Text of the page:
Thursday, January 16, 2014

Busy Beaver

7:22 PM

Busy Beaver by Dale Lundberg COVER
Have you ever heard the saying “as busy as a beaver”? Well, beavers are extremely busy animals. They are best known for building dams. A dam is a wall of branches built across a stream.

Beavers are rodents, small mammals that have teeth for gnawing. Beavers may grow to be 4 feet (1.22 m) long, including their   at, pancake-shaped tails. They are also quite heavy. Beavers may weigh up to 75 pounds (34 kg).

Beavers live along the banks of rivers and streams. There they build their homes. Parts of their homes are under the water. Beaver homes are called lodges.About eight beavers live in one lodge. Lodges are made of sticks, twigs, logs, and mud.

A beaver’s lodge has different sections that are called dens. There is a den for feeding and a den for sleeping. All of the dens are above the water so that the beavers stay dry. Most lodges have two openings that lead to the water.

Beaver's DamBeavers also build dams. Dams block the   ow of water in a stream. The water on one side of the stream gets deeper. The beavers build their lodges in the deeper water because the deep water is less likely to freeze. This way beavers can get to their lodges from under the water even in the wintertime.

The beavers line their dams with twigs, leaves, and rocks. The dam is strong enough to slow down the   ow of water in a fast-moving stream.

Dams can also be very big. In fact, beavers have built dams that are hundreds of feet long. So how does a beaver build such a large structure? That’s easy—with its teeth and   at tail.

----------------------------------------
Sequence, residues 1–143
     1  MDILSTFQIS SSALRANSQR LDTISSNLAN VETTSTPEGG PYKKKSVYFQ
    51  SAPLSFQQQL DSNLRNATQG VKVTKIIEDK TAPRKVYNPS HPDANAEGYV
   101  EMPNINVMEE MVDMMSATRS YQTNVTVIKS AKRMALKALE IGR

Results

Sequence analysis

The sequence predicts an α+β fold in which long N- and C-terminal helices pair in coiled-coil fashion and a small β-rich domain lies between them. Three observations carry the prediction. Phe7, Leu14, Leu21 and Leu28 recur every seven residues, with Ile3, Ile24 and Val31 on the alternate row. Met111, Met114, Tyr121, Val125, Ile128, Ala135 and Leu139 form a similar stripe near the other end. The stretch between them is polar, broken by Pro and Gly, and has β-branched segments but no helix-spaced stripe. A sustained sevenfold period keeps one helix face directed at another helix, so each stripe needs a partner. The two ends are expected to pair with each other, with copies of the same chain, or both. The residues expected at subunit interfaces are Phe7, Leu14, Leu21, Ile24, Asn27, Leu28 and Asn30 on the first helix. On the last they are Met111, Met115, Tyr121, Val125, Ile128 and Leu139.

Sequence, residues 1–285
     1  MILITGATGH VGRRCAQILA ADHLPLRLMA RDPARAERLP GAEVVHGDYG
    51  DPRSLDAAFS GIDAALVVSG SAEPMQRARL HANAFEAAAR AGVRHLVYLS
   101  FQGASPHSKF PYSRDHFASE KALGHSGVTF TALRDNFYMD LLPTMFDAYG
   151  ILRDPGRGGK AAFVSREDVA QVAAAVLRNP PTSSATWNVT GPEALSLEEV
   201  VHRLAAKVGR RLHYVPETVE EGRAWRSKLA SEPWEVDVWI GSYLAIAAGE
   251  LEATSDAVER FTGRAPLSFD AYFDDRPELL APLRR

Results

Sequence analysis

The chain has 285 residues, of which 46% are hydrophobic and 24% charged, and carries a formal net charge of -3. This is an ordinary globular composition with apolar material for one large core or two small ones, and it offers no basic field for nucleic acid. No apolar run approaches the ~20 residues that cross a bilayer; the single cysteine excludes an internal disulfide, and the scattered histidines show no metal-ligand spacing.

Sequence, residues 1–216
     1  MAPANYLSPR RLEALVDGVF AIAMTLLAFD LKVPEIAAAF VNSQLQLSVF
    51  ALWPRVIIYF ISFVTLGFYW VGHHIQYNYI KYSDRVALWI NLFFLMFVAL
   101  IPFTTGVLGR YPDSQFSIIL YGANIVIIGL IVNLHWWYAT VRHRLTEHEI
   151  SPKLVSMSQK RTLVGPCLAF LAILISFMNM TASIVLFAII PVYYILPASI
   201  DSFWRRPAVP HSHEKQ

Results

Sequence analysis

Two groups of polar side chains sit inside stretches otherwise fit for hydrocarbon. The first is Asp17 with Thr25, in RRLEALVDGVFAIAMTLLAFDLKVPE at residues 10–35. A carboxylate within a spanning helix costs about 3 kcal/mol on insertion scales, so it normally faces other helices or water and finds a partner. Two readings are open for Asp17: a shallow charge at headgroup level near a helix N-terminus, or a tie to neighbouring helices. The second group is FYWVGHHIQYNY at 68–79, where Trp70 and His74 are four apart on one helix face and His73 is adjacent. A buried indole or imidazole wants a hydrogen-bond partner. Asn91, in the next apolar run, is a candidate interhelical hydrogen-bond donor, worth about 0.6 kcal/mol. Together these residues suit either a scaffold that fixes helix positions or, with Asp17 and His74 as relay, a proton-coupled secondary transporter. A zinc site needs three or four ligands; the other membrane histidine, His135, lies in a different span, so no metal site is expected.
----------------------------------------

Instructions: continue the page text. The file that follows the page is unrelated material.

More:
Beavers are good builders because of their strong body parts. The fi rst thing you might notice about a beaver is its large teeth. The beaver has four front teeth, two on the top and two on the bottom. They are very sharp at the edges.

Beaver has sharp teeth
These teeth make it easy for the beaver to chew down trees and branches. A beaver’s teeth continue to grow throughout its life! They stay the same length because the beaver wears them down by chewing.
Beavers use their tails to help them swim. The tails guide them through the water. Their hind paws are large and webbed, which also helps them swim. Their front paws are like little hands. Beavers dig mud, hold branches, and even comb their fur with their front paws!

Beavers are very social animals. Young beavers stay with their parents until they are about two years old.

To build a dam, beavers must fi rst cut down trees. The beavers hug the trees with their paws, and then they begin to chew. The beaver tilts its head to one side and takes a bite.

The beavers chomp away. Bite by bite, wood chips fall from the tree, and soon the tree falls down. Next, the beavers chew the branches off the tree.

In the stream, beavers lay down sticks and rocks. This will make up the bottom of the dam. Beavers are very strong. They use their paws and bodies to push the trees into the stream. The trees stick into the mud at the bottom of the stream. The tangle of tree branches reels in the rushing water, so the water in the stream begins to slow down.